If not their names, we know now something even more useful about the twelve who voted for conviction: four white women, two white men, three Black men, one Black woman, and two “mixed” or biracial women....
— Promise Li
Last month’s murders of Asian women massage workers in Atlanta marked another devastating milestone in a recent wave of anti-Asian violence fueled by pandemic racism and the Trump administration’s Sinophobic rhetoric in its rivalry with China. With a hardline stance against China becoming, as one pundit quipped, one of the few major bipartisan issues left in Congress, leftists and progressives have seemingly been issued a stark ultimatum: condemn the crimes of the repressive Chinese Communist Party (CCP) at the risk of fanning the flames of a “new Cold War,” or highlight US aggression against China at the expense of providing solidarity to Chinese workers and dissidents....
— Pierre Rousset
THIS ARTICLE WAS written the day after Saturday 27 March 2021, the date of Myanmar’s traditional “Armed Forces Day” commemorating the uprising against the Japanese occupation in 1945, inaugurated with a martial parade worthy of a French 14 July in the administrative capital of Naypyidaw. The celebration came as the army murdered at least 102 people, including some children and a good number of young adolescents -- the heaviest daily toll since the putsch of 1 February. (1)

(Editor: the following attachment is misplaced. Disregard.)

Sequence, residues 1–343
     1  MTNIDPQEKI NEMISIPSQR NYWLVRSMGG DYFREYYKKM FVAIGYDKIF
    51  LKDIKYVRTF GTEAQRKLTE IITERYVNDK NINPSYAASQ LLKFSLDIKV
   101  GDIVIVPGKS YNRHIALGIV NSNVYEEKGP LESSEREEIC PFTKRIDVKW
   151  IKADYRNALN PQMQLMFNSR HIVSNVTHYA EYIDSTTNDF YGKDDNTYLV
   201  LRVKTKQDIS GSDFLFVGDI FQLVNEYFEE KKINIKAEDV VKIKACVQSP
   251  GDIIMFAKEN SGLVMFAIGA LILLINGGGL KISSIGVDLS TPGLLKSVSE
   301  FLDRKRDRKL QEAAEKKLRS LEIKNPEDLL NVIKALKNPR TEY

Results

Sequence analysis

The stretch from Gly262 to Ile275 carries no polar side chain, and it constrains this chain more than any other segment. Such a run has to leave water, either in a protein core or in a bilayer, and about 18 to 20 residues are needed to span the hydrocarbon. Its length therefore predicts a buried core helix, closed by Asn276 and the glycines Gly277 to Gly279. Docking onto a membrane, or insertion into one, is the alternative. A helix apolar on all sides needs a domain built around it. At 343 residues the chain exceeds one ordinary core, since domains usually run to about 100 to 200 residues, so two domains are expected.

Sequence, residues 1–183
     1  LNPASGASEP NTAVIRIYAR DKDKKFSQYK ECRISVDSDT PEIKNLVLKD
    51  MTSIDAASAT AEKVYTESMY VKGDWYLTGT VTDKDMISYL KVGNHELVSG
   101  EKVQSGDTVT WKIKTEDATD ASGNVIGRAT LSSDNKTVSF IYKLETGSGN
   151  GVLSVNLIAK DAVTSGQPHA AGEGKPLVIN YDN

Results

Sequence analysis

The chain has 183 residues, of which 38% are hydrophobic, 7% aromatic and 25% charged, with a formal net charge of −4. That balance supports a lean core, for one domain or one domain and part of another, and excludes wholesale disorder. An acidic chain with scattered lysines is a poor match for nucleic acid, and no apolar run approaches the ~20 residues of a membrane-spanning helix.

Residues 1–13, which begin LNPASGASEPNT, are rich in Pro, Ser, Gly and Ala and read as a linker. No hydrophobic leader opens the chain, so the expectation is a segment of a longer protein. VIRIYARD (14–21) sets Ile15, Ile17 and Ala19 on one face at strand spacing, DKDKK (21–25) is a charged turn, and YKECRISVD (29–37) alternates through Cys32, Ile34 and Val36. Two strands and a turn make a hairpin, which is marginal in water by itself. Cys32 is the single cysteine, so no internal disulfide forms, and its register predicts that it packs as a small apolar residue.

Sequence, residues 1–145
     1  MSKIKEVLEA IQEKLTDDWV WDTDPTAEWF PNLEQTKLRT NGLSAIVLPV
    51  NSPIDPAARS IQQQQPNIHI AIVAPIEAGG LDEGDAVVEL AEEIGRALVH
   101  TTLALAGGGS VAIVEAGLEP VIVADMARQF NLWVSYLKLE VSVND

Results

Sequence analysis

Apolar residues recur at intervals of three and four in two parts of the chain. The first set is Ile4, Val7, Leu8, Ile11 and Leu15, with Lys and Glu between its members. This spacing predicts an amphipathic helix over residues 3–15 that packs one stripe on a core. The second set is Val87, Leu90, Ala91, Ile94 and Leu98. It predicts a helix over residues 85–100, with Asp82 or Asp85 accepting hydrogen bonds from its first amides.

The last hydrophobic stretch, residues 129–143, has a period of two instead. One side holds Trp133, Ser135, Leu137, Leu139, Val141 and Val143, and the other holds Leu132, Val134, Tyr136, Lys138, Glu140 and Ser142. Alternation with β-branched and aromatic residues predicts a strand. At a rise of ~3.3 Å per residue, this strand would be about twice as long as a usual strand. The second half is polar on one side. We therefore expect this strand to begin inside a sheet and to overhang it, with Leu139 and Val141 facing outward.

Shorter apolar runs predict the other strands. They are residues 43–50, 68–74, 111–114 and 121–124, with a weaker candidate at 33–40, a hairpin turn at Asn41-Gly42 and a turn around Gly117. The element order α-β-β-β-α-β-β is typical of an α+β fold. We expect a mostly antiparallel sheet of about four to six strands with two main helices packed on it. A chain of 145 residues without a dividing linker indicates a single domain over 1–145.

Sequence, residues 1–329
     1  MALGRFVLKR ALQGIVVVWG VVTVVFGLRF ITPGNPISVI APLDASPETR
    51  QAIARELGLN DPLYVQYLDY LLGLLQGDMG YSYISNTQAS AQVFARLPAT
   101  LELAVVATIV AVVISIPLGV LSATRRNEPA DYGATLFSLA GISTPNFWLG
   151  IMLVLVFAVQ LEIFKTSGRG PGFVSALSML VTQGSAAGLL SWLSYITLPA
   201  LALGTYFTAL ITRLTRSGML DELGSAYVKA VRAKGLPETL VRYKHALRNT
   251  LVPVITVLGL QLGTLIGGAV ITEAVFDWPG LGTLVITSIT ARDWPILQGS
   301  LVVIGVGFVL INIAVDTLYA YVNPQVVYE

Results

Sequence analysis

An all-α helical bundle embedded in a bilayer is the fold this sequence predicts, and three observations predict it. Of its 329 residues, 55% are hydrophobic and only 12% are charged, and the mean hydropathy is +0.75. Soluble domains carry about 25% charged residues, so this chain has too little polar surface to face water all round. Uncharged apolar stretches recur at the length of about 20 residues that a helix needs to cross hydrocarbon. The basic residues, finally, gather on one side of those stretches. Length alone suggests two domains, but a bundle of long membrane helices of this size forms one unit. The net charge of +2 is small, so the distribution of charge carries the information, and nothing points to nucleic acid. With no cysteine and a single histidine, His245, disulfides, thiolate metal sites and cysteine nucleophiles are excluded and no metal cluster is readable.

The Man Who Lived Underground:
By Richard Wright
Afterword by Malcolm Wright
Penguin Random House, $22.95 hardback
In the sort of coincidence that makes a columnist’s work much easier, the Library of America published Richard Wright’s The Man Who Lived Underground: A Novel on April 20 -- the same day, as it turned out, that a jury in Minneapolis convicted a police officer of murdering George Floyd last year.
It has taken almost eight decades for Wright’s book finally to appear in print. In an evaluation of the manuscript for Wright’s publisher in 1942, one reader described the opening pages of scenes of police brutality, depicted blow by blow, as “unbearable”....
— Johanna Fernández
History is not merely something to be read. And it does not refer merely, or even principally, to the past. On the contrary, the great force of history comes from the fact that we carry it within us, are unconsciously controlled by it in many ways, and history is literally in the present in all that we do. –James Baldwin
THREE WEEKS AGO, on Friday, February 26, 2021 Mumia Abu-Jamal called Pam Africa, the person largely responsible for keeping alive the movement to save and free him for 40 years. Mumia told her that he was certain he had COVID-19; that he was having difficulty breathing as well as chest pressure and pain....
— Ellis Boal
Folksinger-songwriter Anne Feeney, died of Covid on February 3, 2021 at age 69. We are reprinting a tribute from Ellis Boal, another lawyer-folksinger, who met Anne when she showed up to support the Detroit Newspaper Strike years ago.--ATC editors